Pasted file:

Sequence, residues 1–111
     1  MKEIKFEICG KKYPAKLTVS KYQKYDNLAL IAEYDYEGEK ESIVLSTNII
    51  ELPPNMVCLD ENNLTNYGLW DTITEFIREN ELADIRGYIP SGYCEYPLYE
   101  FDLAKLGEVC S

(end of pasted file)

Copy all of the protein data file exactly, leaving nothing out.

Sequence, residues 1–111
     1  MKEIKFEICG KKYPAKLTVS KYQKYDNLAL IAEYDYEGEK ESIVLSTNII
    51  ELPPNMVCLD ENNLTNYGLW DTITEFIREN ELADIRGYIP SGYCEYPLYE
   101  FDLAKLGEVC S